St. James’ Bicentennial Quilt

At the time of the founding of St. James’ Church and throughout most of its existence, women have created patchwork quilts, not as works of art, but as a thrifty way of using every scrap of fabric that entered a household. It was also a way to add color to a home, and sometimes it served as an album for friendship or family life.

It was in that spirit that it was decided to make a commemorative quilt for the church's Bicentennial, honoring the people, events and various aspects of church life during its 200-year history. This was not an artistic endeavor, but in the same manner a woman in 1811 might sew a “fancy,” the quilt is to be used for display, rather than as a bed cover.

Thanks to the following people who made this project possible: the quilters (named in paretheses in each square description); border cutter Paul Littlefield, and Leslie Quick, Wilma Tully, and Patty Caswell.

Click on each square thumbnail to zoom the image.

The Parish House: When the quilters came together to think about what best illustrated our Parish House, the Epiphany Pageant won out! (Janet Bright)
The Labyrinth: A part of the beloved Meditation Garden, it has fascinated the children of the parish. This square was designed and executed by a 12 year old and we are in awe. (Skye O'Halloran)
“Bless the Work of Our Hands”: An homage to the Outreach Committee. Their many missions would require a quilt of their own. (Christina Wardell)
Honor Those Who Serve: Everyone who brings their heart, hands and skills to service at St. James’. (Deirdre Mae Micker)
Altar Guild: The first square made in recognition of the people who have, since 1811, made the sacraments beautiful. (Deirdre Mae Micker)
Father Chuck: How better to honor him than by remembering his beloved tuba! (Suzann Kinne)
Father Gordon L. Kidd: April 2, 1898 - Nov. 6, 1986. The father of Gloria Kidd Golden and Rector of St. James’ from 1946 to 1966. He volunteered as Chaplain in WWII at the age of 45, completing Chaplain School March 8, 1943 - May 9, 1943 and serving aboard the aircraft carrier USS Lexington. Father Chuck tells us priests at St. James’ are measured against his standard. (Deirdre Mae Micker)
Sunday School: And all of the other programs that bring their voices to our ears. (Christina Wardell)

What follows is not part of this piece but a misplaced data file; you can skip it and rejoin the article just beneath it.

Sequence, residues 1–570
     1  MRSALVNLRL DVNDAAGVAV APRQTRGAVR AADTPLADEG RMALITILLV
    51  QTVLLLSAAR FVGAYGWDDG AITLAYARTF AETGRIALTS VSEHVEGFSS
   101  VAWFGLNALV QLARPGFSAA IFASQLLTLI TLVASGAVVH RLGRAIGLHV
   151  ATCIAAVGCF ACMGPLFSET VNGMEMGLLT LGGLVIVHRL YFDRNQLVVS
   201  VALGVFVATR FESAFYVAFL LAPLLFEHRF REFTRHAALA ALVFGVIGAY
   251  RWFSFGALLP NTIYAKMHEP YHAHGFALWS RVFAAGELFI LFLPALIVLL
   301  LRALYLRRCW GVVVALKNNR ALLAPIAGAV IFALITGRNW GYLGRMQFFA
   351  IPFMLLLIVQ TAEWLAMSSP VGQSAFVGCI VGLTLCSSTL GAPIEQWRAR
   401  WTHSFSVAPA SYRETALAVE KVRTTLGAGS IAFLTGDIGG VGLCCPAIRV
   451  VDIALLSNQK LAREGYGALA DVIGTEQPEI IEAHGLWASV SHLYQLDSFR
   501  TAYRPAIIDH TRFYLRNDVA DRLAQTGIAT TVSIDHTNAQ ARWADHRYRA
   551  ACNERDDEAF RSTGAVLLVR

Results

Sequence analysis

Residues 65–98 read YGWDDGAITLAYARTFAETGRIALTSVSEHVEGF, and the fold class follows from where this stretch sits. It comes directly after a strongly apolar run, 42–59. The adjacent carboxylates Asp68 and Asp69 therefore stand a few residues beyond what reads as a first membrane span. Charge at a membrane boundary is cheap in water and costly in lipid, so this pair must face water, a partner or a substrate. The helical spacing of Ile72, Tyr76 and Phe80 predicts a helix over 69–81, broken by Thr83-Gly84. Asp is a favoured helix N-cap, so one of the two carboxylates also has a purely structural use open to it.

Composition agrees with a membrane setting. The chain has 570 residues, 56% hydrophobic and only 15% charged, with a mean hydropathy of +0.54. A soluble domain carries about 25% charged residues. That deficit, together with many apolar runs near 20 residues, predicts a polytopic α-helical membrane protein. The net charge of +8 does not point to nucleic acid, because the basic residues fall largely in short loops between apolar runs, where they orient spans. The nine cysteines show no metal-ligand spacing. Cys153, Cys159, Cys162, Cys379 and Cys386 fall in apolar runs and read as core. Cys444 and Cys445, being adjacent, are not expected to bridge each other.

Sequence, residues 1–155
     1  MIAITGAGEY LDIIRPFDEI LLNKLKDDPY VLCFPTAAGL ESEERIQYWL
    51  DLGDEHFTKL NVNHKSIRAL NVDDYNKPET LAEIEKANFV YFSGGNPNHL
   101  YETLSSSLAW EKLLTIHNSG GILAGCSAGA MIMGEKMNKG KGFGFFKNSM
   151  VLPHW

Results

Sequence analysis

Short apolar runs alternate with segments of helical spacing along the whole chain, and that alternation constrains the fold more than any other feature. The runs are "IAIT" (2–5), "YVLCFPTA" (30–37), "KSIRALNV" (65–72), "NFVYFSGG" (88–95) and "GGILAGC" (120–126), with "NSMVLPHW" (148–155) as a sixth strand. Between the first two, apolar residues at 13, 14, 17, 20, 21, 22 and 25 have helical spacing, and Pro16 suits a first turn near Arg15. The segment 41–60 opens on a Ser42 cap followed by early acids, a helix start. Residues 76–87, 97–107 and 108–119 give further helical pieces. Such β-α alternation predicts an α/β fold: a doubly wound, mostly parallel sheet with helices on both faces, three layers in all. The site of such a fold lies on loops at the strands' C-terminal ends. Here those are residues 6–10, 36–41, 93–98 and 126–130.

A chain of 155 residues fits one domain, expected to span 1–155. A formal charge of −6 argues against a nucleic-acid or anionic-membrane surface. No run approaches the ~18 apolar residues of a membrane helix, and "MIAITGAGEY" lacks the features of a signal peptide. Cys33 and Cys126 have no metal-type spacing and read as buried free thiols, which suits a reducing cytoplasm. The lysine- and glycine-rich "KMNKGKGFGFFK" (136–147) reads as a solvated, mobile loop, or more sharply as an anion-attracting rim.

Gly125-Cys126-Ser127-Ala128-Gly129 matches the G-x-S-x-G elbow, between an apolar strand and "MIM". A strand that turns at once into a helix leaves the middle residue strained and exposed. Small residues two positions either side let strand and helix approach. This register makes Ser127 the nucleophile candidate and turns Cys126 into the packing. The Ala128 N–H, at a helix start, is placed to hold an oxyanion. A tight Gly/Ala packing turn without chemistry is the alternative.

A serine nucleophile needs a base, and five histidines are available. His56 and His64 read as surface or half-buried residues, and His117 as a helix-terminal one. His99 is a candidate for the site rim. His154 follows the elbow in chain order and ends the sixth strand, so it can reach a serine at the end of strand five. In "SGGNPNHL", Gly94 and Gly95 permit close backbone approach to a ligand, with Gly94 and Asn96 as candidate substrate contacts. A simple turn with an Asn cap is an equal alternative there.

The Reading Room Door: The Reading Room is the oldest building still standing at St. James’ (1833). It has served many purposes, among them as an infant school and a library. (Lynne Koch)
Choir: The choristers spend many hours enhancing services.
St. James’ Chapel: Franklin Roosevelt was baptized here March 20, 1882, tradition says because the chapel was heated in the winter and the church was not. It has recently been returned to its original beauty by a gift from John and Gloria Golden. (Lynne Koch)
Dr. Samuel Bard: The force behind the founding of St. James’, he is buried in our churchyard. Our first priest married his daughter. (Diane Webb)
The Nursery School: One of the ways St. James’ serves the Hyde Park community. (Mary Gabel)
Tabitha: A creation of Bobbie Wells, Tabitha reigns supreme under the lectern. Her many antics in Bobbie Wells’ book, "Church Tails" has been a source of pleasure for all of us. (Sue DeLorenzo)
Mouse Square: The resident mice in the Parish Hall completed a mouse-sized square, representing the symbol of St. James’. The Sunday School children delivered it to be added to the quilt. (Sue DeLorenzo)
Towel Camp: A mission that Father Chuck has introduced to our Youth Group. The teens travel to Appalachia to help keep people in their homes and do other hands-on projects. (Diane Webb)
Civil War: As in all wars, death made no distinctions. The scion of an influential Hudson Valley family died at Gettysburg as a second lieutenant at the age of 20. (Joanne Lown)
St. James’ Church: As it stood before the Meditation Garden was installed. (Suzann Kinne)
The Roosevelt Crest: "He who plants, survives." Originally the rose bushes were planted on a grassy mound. President Roosevelt modified them to crossed roses. (Carol Vinall)
The Gates to the Meditation Garden: A tree of life design on the way to Eternal Life. (Joanne Lown)
9-11-2001: Paul Tegtmeier was a member of the Roosevelt Fire Company, Badge Number 136, from the time he was 16. His dream job was with the New York City Fire Department. At the time of the attack on the World Trade Center he was a Probationary Firefighter in FDNY. (Deirdre Mae Micker)
Our Bicentennial Logo: (center) The sheild is similar to the Episcopal Church USA shield. The red cross on a white field is St. George's Cross, which recalls our link to the Church of England, mother church of the Anglican Communion. The symbolism of the colors: (Red) the sacrifice of Christ and Christian martyrs, (White) the purity of the Christian faith, and (Blue) the humanity of Christ received from the Virgin Mary. They are also the colors of the American flag. The difference is in the blue quadrant, where our shield has the Jerusalem Cross, which recalls our church's namesake, St. James the Just, the brother of our Lord and Bishop of Jerusalem. (Deirdre Mae Micker)